It’s commonplace to mention Uber and Lyft in the same breath in any conversation about the great travel snapback.

As earnings reports through the past few days have shown, the rising tide of travel demand has lifted the core business of both companies.

But the latest results also spotlight the widening divergence between Uber and Lyft, where the platform remains the key differentiator, tied to a vertical versus horizontal approach. In Uber’s case, the platform has been a launching pad into food delivery and freight. Lyft has been concentrating its efforts on transportation.

Lyft Gets a Ride-Hailing Lift

During an earnings call regarding Lyft’s earnings results, CEO David Risher said “the actions we’ve taken over this year to refocus our business on drivers and riders, including pricing more competitively and improving the customer experience,” helped boost that business 20% in the third quarter, with a 45% year-over-year increase in the number of hours drivers spend on the road, so to speak.

In a nod to the various go-to-market strategies to gain more bookings, management said on the call that, having targeted back-to-school ridesharing — in university towns — rides grew by 25%. With return-to-office initiatives, morning commute rides have been up 30%. In terms of ancillary revenue streams, Lyft has launched in-app advertising, which will roll out this quarter.

“It’s still early days, and this is a small business now, but we see a ton of potential to be creative in how we enable brands to engage with riders in relevant moments and build a meaningful and, of course, very high-margin ad business,” Risher said on the call.

Lyft expects its fourth-quarter revenue to grow by the mid-single digits compared with the previous quarter, as gross bookings were up 15% year over year, revenue was up 10% year over year, and rides were up 20% year over year.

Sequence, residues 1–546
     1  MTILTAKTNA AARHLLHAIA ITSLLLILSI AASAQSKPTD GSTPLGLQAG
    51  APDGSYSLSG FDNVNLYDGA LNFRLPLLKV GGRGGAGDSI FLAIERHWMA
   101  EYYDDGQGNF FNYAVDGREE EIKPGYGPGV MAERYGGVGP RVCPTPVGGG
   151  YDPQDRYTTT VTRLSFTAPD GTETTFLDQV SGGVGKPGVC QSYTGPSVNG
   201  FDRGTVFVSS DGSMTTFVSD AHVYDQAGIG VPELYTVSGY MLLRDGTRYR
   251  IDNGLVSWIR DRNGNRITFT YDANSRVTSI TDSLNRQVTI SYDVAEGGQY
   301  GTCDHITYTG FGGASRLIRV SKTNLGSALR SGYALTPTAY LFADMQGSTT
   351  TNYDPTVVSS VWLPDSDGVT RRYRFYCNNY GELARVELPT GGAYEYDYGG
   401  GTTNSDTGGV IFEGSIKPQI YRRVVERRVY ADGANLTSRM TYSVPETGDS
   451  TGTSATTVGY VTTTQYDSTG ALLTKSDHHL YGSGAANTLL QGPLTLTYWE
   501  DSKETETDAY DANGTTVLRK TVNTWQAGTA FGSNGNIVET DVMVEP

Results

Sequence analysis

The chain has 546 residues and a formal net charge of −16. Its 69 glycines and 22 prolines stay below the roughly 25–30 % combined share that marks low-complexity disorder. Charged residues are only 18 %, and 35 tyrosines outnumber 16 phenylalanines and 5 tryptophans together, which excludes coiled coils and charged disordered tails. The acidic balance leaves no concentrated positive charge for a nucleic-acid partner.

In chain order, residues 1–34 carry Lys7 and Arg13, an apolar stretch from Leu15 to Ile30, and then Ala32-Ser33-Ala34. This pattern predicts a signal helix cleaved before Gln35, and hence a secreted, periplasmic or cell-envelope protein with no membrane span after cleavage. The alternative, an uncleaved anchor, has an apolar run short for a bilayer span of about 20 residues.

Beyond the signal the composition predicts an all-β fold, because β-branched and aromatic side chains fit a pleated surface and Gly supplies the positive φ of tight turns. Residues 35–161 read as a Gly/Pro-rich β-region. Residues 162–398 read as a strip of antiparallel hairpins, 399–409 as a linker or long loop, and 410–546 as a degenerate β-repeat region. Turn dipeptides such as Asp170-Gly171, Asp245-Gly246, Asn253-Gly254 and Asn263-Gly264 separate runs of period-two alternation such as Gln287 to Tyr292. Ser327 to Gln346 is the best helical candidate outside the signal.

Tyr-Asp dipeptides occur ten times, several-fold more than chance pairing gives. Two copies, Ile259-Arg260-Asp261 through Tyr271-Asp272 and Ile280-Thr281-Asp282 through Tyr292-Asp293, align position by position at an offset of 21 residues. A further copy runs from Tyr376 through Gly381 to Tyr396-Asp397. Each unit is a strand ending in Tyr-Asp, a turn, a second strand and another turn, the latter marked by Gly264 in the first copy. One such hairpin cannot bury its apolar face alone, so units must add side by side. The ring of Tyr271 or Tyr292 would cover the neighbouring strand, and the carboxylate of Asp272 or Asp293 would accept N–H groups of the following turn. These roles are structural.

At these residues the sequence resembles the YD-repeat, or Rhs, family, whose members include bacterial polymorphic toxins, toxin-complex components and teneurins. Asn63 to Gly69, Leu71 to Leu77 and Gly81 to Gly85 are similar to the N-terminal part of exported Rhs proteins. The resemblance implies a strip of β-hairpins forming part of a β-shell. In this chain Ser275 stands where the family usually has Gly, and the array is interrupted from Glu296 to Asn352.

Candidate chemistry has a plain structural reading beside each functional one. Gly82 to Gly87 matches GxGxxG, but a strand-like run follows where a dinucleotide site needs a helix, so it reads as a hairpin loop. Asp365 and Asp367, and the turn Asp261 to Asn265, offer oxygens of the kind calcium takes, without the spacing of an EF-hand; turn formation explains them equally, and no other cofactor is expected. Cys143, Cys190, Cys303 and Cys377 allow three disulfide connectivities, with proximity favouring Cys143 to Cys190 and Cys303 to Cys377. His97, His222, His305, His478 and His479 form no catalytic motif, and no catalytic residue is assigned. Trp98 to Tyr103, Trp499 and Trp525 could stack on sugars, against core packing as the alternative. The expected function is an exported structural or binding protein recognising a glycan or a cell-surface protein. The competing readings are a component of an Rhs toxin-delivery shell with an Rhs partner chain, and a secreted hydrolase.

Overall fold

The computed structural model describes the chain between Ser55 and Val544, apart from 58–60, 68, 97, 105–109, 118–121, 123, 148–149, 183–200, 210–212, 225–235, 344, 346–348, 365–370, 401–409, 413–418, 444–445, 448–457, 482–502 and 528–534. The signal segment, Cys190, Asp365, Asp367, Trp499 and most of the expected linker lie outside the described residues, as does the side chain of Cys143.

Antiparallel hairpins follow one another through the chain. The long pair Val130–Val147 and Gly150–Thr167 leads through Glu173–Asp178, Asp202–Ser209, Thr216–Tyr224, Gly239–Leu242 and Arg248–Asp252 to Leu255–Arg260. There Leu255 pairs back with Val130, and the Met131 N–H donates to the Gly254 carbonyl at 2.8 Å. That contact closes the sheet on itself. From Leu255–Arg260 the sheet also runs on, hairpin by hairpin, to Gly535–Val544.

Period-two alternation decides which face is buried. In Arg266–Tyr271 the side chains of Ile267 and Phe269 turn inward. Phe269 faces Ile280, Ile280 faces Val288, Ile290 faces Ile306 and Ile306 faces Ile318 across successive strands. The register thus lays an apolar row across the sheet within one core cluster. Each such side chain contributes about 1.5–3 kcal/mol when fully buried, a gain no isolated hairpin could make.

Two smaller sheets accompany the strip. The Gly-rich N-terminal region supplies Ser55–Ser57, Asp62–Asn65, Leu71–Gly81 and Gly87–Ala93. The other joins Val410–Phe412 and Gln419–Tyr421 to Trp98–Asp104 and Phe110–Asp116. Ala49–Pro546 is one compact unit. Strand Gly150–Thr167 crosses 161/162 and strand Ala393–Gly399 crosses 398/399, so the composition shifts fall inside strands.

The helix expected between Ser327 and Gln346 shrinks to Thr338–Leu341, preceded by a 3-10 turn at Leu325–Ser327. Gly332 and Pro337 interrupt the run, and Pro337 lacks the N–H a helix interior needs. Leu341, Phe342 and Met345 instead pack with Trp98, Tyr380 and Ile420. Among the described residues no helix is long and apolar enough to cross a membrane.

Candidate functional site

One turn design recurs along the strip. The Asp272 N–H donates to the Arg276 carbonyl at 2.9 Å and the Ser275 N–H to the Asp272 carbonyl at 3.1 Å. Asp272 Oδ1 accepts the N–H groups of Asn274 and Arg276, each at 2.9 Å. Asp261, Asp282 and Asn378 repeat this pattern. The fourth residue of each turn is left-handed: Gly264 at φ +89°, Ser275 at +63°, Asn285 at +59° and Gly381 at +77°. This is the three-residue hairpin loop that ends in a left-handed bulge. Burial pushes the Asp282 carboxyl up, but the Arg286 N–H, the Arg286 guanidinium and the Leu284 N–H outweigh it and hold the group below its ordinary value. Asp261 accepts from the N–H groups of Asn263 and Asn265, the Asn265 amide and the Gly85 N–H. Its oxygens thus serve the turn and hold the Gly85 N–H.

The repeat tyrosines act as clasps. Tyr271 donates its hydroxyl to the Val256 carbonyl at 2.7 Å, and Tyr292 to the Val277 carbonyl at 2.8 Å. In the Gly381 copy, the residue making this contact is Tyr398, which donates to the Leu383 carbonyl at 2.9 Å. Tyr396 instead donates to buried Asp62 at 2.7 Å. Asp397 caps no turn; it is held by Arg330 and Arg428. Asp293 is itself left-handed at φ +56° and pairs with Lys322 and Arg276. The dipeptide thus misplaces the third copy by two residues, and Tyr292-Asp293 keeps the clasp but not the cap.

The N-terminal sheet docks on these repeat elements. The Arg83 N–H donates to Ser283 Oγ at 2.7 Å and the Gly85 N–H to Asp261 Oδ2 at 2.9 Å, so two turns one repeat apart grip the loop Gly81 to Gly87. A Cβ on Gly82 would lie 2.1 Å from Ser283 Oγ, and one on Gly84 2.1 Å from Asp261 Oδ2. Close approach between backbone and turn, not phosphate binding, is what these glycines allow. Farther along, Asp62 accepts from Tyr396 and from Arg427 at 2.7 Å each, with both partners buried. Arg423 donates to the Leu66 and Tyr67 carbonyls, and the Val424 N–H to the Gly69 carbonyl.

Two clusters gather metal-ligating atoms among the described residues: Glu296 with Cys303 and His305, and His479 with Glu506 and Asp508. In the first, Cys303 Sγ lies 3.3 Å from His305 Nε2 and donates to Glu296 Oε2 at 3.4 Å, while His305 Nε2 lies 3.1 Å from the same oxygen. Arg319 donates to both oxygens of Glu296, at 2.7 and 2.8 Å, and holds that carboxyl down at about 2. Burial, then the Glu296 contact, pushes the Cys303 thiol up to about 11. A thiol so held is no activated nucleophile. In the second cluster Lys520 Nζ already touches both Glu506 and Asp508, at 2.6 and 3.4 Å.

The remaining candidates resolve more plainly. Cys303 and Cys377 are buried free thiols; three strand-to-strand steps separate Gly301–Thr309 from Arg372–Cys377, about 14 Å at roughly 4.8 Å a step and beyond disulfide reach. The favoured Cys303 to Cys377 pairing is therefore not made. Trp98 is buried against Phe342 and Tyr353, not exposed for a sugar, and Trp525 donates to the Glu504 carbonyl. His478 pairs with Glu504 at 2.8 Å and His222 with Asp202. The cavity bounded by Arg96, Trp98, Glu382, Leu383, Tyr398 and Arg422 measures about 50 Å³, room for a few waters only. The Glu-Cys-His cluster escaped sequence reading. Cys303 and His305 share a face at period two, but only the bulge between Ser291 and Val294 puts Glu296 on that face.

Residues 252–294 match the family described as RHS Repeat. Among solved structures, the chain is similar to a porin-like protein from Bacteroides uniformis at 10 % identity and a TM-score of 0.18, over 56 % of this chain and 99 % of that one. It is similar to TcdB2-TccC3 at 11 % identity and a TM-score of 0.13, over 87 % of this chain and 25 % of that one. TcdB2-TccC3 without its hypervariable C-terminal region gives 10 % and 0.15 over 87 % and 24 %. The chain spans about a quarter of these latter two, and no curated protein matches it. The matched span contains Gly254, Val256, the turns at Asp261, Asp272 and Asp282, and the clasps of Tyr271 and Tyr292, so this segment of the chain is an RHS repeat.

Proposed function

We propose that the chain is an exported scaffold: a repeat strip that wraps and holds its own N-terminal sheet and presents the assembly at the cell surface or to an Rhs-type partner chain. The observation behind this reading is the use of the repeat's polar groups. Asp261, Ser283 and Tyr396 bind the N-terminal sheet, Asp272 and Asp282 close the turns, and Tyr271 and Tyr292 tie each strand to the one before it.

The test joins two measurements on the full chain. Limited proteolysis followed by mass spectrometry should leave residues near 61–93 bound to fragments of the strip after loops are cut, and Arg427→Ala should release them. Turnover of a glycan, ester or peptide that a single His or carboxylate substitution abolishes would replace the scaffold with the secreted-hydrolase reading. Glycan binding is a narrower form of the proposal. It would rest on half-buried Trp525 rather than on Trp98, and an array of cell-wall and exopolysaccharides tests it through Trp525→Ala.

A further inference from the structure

Asked on the call about growth prospects, Risher said, “We see some secular trends. Travel will continue to be a big growth driver. You’re seeing that across the sector. Commute will continue to be a big growth driver … most people go to work three times a week, at least. Most people go to social activities a couple of times a week. So, in a lot of ways, I think we’re really underpenetrated in terms of how people can use us in their daily lives.”

Uber’s Horizontal Expansion

Uber’s efforts through the last several years have focused on broadening reach and use cases, as the core mobility activity feeds into a continuum of other transactions.

The company’s membership program has underpinned spending growth.

“We’ve now got 15 million Uber One members,” CEO Dara Khosrowshahi said on during this week’s earnings call with analysts, noting that “members spend four times more than nonmembers.” Retention is 15% higher for members than for nonmembers. In terms of cross-selling momentum, consumers who use more than one mobility and delivery product tend to spend more.

“They spend up to three times more,” Khosrowshahi said.

Delivery members count for more than 40% of mobility bookings. Prepared remarks from the company Tuesday (Nov. 7) said members now generate more than 40% of delivery gross bookings. For the mobility business, double-digit growth was also a hallmark. Gross bookings for rides gained 31%. Delivery bookings gained 18%.